Rachel Bearbower: Oh man. Quite simple. Let me break it down in a different bullet 

Stephanie Skryzowski: points. Step 1, 2, 3. You 

Rachel Bearbower: know, I think it starts by, like, it starts by pausing. And I know that, that that is something that like terrifies people. They’re like, [00:12:00] I gotta just keep going. I gotta keep doing, I gotta, 

Stephanie Skryzowski: and it feels very unnatural to pause.

Rachel Bearbower: Yes. And you have to get very, very clear about what is a priority and like what is important, what is urgent. And what have you decided or what has somebody told you is important and urgent that is actually not Great example is picking up the phone, calling donors, asking for money. There’s a lot of steps in that.

I simplified that quite a bit. That’s gonna bring money into your organization, it’s gonna give you resources, it’s going to allow you to continue to do the work that you’re doing. Posting on social media, it’s a great touchpoint, but it’s not going to make the impact that call like one, you could call one donor [00:13:00] and possibly get a thousand dollars gift.

You could make a thousand social media posts and not raise a single dime. So it’s in an organization you are always going to be faced with. All kinds of decisions. You are always going to be juggling, and you have to be so intentional about what ball you are going to drop. There is no way to keep all of the balls in the air.

You have to get really, really good at prioritizing what needs to stay in the air and what can drop. Mm-hmm. And that is a skill that is learned by failing over and over again and being like, oh, well I really should have focused on that one. And oftentimes I see in organizations, they pause and then don’t get started again.

Or they pause, I shouldn’t say pause, they freeze. So they’re like, we don’t wanna do anything wrong. Mm-hmm. And I think that’s another big thing in our sector is [00:14:00] we don’t allow people to, or we don’t allow organizations to be able to take risks. We don’t fund them long enough to make. A plan for five years so that they can make multiple mistakes so they can get really good at what they’re doing.

We expect them to figure it all out in a year. Let me tell you, I’ve never figured anything out that’s groundbreaking in a year. I have to fail a lot. I can do that in my business because I have control over that. Inside your nonprofit, different story. So, Reclaiming your time stabilizing, understanding what is important and urgent and getting that done, what is gonna make the most impact, and then also creating boundaries.

Like I, I do this, um, I do this challenge every year where I teach people like how to, uh, [00:15:00] Like how to layer their calendar. And I start by putting your non-negotiables. So non-negotiables are like your, like you have to pick your kids up for school, you have to make dinner, you have to walk the dog, um, you have to take your grandma to physical therapy.

Okay? So you have your non-negotiables, then you add in your energy blocks. So we have this idea, we have to work nine to five. Well, no one can stay productive or work. Nine to five, like that’s not real life, but I know that I work better in the morning, so I try to do my big projects in the morning and I don’t have meetings until noon.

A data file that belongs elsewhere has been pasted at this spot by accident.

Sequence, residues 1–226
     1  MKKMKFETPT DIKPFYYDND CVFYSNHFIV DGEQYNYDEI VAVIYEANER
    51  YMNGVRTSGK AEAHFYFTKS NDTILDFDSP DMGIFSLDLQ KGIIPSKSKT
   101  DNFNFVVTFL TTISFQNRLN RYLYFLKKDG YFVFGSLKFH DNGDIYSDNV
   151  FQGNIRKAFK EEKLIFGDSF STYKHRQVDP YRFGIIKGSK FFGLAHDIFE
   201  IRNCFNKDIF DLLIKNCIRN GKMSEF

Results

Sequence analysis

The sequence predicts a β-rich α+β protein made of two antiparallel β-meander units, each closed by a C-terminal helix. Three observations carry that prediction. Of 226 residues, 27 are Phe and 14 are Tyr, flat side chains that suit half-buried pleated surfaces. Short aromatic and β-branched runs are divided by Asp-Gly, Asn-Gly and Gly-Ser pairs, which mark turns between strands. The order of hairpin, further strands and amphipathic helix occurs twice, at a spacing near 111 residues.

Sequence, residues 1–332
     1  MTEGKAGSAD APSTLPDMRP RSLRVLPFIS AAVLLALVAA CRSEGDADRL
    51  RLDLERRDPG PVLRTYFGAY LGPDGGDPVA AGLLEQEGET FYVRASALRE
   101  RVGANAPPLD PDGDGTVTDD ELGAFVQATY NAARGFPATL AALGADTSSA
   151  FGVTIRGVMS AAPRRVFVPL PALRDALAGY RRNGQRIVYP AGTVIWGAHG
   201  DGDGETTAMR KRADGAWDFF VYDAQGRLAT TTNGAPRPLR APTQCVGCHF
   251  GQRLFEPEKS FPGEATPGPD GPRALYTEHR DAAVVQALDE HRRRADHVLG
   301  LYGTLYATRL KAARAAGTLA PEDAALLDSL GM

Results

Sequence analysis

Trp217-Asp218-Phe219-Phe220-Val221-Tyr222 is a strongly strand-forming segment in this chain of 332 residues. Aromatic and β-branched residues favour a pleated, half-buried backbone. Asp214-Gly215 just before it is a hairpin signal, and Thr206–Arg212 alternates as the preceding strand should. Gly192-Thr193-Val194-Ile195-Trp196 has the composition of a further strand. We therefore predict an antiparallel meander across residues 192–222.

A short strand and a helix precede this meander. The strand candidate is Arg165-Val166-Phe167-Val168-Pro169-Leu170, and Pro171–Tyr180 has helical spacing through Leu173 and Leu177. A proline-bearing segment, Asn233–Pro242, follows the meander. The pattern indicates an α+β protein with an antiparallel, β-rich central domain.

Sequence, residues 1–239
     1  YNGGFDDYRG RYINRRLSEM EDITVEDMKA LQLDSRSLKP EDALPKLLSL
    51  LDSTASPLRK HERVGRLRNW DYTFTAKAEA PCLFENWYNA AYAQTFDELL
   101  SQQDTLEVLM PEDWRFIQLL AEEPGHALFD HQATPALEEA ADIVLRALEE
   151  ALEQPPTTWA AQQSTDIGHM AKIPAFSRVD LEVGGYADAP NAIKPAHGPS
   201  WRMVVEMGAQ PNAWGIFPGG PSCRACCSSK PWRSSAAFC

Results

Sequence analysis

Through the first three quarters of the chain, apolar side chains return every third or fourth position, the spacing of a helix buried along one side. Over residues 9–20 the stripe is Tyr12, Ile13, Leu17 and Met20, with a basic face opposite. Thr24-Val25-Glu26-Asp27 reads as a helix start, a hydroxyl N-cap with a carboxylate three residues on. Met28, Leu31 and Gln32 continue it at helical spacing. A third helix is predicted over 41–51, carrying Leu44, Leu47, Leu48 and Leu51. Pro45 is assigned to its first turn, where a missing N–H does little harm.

And so adding those in, are you gonna be able to add every single thing in? No, but adding that layer so that you know that about yourself and you’re not just back to back to back to back in meetings and then you never get anything done. I know as an ed, I felt like I was like, Back to back in like committee meetings and like board [00:16:00] meetings and stuff, and then all of a sudden I was like, so when am I supposed to do all the things that like it just landed on my to-do list.

Stephanie Skryzowski: Yeah. Yeah. You end the day with more on your to-do list than you started because you’re in meetings all day that then have deliverables afterwards. Yeah. Is there any sort of like also asking yourself, like, do I actually need to be present for this? Because I know I’ve done a lot of that in, in my business.

Like I actually don’t think I need to be here, so I’m not gonna be, if y’all need me, you know where to find me, but like, I don’t need to be here just to listen, you know? Is there, do, do you talk about that? Do you, do you find that a lot? Yeah. 

Rachel Bearbower: I mean, it’s, again, it’s going back to like juggling those priorities.

Like is it important for me to be in this meeting or is it important for me to like go to this donor meeting or this networking event? Those are questions that you just have to ask over and over and over again. And sometimes you’ll get it right and sometimes you won’t and that’s okay. And sometimes, like everything happens in seasons, so [00:17:00] sometimes you know you’re gonna be really on your game and.

It’s gonna be great and you’re gonna have time for all the things and sometimes you’re not. You’re just, just in a season when it’s hard and yeah, knowing that this too shall pass will, I don’t know. That’s what gets me through chaos. Mm-hmm. 

Stephanie Skryzowski: I love that you’re teaching this cuz I feel like when I worked in nonprofits, I definitely was just like, yes, I go to all the meetings, I do all the things and like I just figure out and work until it’s done.